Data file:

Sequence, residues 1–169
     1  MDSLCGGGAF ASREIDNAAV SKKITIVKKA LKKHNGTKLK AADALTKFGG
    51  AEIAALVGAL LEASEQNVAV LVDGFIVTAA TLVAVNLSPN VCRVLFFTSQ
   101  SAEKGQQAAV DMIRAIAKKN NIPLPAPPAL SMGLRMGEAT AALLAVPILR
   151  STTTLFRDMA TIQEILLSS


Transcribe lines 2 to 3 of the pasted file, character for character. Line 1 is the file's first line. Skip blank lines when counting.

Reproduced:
     1  MDSLCGGGAF ASREIDNAAV SKKITIVKKA LKKHNGTKLK AADALTKFGG
    51  AEIAALVGAL LEASEQNVAV LVDGFIVTAA TLVAVNLSPN VCRVLFFTSQ